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Can Memes Swing the 2024 Election? Plus, Michelle Zauner on “Crying in H Mart”

30:05
 
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Manage episode 400116027 series 94072
WNYC Studios and The New Yorker, WNYC Studios, and The New Yorker에서 제공하는 콘텐츠입니다. 에피소드, 그래픽, 팟캐스트 설명을 포함한 모든 팟캐스트 콘텐츠는 WNYC Studios and The New Yorker, WNYC Studios, and The New Yorker 또는 해당 팟캐스트 플랫폼 파트너가 직접 업로드하고 제공합니다. 누군가가 귀하의 허락 없이 귀하의 저작물을 사용하고 있다고 생각되는 경우 여기에 설명된 절차를 따르실 수 있습니다 https://ko.player.fm/legal.

In a Presidential race with two leading candidates who are broadly unpopular, any small perceived edge can make a tremendous difference. According to Clare Malone, more and more people will have their judgments formed by memes—visual jokes about the candidates floating on social media. Republican memes capitalize on widespread discomfort with President Biden’s age, by highlighting his stumbles, verbal or otherwise. Meanwhile, Donald Trump is a master of turning bad press to his advantage: he propagated his own mug shot on social media, feeding his outlaw image. Malone says that conservatives also have a leg up here because their beliefs suit the medium. “The right wing can ‘go there’—they can say the thing everyone thinks, but doesn’t actually say out loud.” Now the partisan fight on social media has roped in a relatively innocent bystander, Taylor Swift. The pop star, who has endorsed Biden in the past, and her boyfriend, Travis Kelce, have been labeled a “psy op” by right-wingers online. “My theory about American politics, especially in the past decade, is basically none of it’s really policy,” Malone argues. “It’s all political pheromones.”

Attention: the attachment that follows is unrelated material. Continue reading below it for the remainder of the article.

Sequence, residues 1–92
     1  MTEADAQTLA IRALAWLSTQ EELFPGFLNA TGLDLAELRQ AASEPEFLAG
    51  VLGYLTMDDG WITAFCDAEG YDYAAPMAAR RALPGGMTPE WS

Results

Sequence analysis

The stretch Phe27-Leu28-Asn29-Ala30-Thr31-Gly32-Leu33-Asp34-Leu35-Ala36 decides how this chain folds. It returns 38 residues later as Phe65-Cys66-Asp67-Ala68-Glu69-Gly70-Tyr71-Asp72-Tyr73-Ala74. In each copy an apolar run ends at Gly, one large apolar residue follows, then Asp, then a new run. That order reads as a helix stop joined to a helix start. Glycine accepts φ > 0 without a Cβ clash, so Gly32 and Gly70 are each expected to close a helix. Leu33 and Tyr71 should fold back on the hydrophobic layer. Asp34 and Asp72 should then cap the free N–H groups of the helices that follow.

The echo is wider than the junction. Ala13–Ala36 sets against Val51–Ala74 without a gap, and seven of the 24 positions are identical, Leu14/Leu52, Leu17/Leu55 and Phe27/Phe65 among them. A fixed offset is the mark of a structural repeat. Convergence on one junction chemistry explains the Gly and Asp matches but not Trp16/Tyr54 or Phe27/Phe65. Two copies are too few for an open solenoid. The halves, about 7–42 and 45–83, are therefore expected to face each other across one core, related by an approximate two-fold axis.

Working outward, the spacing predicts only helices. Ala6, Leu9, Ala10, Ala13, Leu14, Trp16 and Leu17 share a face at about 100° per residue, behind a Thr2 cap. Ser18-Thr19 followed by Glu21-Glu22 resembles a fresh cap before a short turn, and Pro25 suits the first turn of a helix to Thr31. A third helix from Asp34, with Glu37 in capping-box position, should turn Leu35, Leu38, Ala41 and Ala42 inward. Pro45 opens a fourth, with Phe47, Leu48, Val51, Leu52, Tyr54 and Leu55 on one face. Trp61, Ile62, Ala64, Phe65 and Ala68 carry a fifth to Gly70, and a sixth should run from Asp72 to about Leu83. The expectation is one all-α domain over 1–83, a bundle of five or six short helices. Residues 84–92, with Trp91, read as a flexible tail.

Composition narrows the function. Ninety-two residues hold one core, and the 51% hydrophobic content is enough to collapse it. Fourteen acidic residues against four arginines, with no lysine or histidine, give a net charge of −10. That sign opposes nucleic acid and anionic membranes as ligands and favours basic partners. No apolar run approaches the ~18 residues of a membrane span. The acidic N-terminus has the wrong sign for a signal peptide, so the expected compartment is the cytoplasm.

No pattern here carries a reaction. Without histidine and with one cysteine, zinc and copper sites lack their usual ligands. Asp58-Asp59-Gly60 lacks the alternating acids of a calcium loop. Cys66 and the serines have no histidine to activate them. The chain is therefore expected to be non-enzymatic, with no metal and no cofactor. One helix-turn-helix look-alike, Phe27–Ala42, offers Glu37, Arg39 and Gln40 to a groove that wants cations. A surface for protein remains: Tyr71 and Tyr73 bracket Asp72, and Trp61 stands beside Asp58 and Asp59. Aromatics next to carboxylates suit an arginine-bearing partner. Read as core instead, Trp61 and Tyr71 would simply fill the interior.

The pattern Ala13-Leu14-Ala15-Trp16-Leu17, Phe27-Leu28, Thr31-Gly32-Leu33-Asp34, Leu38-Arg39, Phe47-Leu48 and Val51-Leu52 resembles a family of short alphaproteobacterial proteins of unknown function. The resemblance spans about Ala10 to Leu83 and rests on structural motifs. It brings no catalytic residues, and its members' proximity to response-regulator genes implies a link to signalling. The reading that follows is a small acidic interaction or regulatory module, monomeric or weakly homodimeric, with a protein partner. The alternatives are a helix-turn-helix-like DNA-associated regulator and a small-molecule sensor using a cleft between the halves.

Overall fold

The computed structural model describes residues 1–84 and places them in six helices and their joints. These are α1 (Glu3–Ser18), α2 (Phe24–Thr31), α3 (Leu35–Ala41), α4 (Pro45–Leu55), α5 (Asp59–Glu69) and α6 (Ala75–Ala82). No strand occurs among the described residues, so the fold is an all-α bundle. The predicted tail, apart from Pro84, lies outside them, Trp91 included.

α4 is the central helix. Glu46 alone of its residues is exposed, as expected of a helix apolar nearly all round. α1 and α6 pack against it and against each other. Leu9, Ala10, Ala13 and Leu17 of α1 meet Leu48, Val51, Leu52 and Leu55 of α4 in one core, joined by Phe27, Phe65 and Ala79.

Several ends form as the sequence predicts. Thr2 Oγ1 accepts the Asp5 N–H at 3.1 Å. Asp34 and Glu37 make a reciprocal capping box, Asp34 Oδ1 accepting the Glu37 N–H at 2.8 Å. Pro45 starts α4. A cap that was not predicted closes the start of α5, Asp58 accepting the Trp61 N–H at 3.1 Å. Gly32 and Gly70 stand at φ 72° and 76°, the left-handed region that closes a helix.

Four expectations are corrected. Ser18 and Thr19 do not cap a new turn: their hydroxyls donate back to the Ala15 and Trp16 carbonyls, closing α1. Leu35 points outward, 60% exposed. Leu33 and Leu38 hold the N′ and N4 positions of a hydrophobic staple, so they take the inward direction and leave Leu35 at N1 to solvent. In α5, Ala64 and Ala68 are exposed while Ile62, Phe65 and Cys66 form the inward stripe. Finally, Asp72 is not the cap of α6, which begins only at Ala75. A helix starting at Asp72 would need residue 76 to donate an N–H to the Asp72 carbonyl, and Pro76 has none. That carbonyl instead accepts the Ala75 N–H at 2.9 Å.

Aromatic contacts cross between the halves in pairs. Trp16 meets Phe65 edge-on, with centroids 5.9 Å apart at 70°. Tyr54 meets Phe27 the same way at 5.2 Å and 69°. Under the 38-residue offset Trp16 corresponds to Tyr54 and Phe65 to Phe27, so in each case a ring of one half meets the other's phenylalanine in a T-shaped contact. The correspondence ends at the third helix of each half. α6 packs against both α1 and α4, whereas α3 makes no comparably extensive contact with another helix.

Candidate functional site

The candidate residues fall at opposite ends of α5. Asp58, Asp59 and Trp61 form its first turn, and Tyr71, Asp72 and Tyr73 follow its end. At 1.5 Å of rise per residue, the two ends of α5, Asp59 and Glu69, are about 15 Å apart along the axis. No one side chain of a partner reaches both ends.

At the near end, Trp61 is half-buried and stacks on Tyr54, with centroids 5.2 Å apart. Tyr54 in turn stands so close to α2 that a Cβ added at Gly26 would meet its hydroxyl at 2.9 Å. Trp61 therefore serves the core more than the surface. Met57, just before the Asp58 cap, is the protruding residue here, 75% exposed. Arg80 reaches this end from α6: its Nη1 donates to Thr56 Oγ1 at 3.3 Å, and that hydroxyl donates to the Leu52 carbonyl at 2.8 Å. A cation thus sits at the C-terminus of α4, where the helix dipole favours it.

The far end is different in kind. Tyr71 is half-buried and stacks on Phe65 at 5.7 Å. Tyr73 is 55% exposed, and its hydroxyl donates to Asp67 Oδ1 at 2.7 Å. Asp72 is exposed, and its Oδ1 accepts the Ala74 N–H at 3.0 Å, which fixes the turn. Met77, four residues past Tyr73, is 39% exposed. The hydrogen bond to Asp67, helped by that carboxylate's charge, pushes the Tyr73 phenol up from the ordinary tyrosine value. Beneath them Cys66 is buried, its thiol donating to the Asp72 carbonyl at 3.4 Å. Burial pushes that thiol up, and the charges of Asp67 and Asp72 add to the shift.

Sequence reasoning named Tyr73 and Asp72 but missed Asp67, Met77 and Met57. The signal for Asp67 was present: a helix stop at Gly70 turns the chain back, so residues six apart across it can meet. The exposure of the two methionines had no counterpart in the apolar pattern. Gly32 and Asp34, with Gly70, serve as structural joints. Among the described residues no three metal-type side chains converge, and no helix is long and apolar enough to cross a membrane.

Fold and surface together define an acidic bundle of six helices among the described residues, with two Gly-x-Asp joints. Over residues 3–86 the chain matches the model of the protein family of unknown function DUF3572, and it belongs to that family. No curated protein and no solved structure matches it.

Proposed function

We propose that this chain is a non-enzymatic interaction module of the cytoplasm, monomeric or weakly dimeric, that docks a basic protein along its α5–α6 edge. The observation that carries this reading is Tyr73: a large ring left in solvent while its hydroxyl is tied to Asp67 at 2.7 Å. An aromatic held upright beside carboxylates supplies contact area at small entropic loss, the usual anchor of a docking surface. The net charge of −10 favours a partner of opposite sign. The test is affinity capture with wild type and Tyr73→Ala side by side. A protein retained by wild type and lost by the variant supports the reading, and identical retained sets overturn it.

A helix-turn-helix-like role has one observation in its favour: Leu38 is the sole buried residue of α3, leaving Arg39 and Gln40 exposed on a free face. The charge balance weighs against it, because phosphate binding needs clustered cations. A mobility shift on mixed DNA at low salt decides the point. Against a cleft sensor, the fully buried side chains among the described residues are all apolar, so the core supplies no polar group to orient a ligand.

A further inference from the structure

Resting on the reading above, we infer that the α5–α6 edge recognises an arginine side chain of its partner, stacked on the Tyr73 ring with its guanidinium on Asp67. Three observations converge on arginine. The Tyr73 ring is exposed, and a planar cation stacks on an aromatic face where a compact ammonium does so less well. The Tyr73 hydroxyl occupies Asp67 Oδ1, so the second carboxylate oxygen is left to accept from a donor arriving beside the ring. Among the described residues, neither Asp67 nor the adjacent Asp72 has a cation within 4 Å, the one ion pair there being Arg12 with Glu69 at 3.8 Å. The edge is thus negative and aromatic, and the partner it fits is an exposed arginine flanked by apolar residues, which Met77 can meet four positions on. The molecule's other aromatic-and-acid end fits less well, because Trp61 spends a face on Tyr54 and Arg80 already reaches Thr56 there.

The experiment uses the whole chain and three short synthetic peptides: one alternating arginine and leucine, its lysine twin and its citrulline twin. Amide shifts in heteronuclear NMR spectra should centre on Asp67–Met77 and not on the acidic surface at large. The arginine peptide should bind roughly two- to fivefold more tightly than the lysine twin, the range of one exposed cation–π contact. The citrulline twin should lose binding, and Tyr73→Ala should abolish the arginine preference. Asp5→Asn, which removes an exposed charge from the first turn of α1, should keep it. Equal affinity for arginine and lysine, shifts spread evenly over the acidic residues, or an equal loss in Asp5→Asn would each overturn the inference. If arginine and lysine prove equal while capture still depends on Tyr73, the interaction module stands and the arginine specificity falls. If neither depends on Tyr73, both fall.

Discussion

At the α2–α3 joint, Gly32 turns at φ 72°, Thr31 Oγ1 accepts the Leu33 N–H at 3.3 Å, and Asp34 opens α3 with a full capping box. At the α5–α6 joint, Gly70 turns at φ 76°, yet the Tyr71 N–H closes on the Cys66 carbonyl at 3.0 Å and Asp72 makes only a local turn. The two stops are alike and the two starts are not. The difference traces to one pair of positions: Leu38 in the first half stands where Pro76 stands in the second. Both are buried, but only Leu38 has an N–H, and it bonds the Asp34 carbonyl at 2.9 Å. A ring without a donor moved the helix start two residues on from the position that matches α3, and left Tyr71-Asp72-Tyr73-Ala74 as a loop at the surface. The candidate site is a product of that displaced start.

Plus, Michelle Zauner, the front woman for the indie band Japanese Breakfast, talks about her memoir, “Crying in H Mart,” with The New Yorker’s Hua Hsu, author of “Stay True.”

  continue reading

824 에피소드

Artwork
icon공유
 
Manage episode 400116027 series 94072
WNYC Studios and The New Yorker, WNYC Studios, and The New Yorker에서 제공하는 콘텐츠입니다. 에피소드, 그래픽, 팟캐스트 설명을 포함한 모든 팟캐스트 콘텐츠는 WNYC Studios and The New Yorker, WNYC Studios, and The New Yorker 또는 해당 팟캐스트 플랫폼 파트너가 직접 업로드하고 제공합니다. 누군가가 귀하의 허락 없이 귀하의 저작물을 사용하고 있다고 생각되는 경우 여기에 설명된 절차를 따르실 수 있습니다 https://ko.player.fm/legal.

In a Presidential race with two leading candidates who are broadly unpopular, any small perceived edge can make a tremendous difference. According to Clare Malone, more and more people will have their judgments formed by memes—visual jokes about the candidates floating on social media. Republican memes capitalize on widespread discomfort with President Biden’s age, by highlighting his stumbles, verbal or otherwise. Meanwhile, Donald Trump is a master of turning bad press to his advantage: he propagated his own mug shot on social media, feeding his outlaw image. Malone says that conservatives also have a leg up here because their beliefs suit the medium. “The right wing can ‘go there’—they can say the thing everyone thinks, but doesn’t actually say out loud.” Now the partisan fight on social media has roped in a relatively innocent bystander, Taylor Swift. The pop star, who has endorsed Biden in the past, and her boyfriend, Travis Kelce, have been labeled a “psy op” by right-wingers online. “My theory about American politics, especially in the past decade, is basically none of it’s really policy,” Malone argues. “It’s all political pheromones.”

Plus, Michelle Zauner, the front woman for the indie band Japanese Breakfast, talks about her memoir, “Crying in H Mart,” with The New Yorker’s Hua Hsu, author of “Stay True.”

  continue reading

824 에피소드

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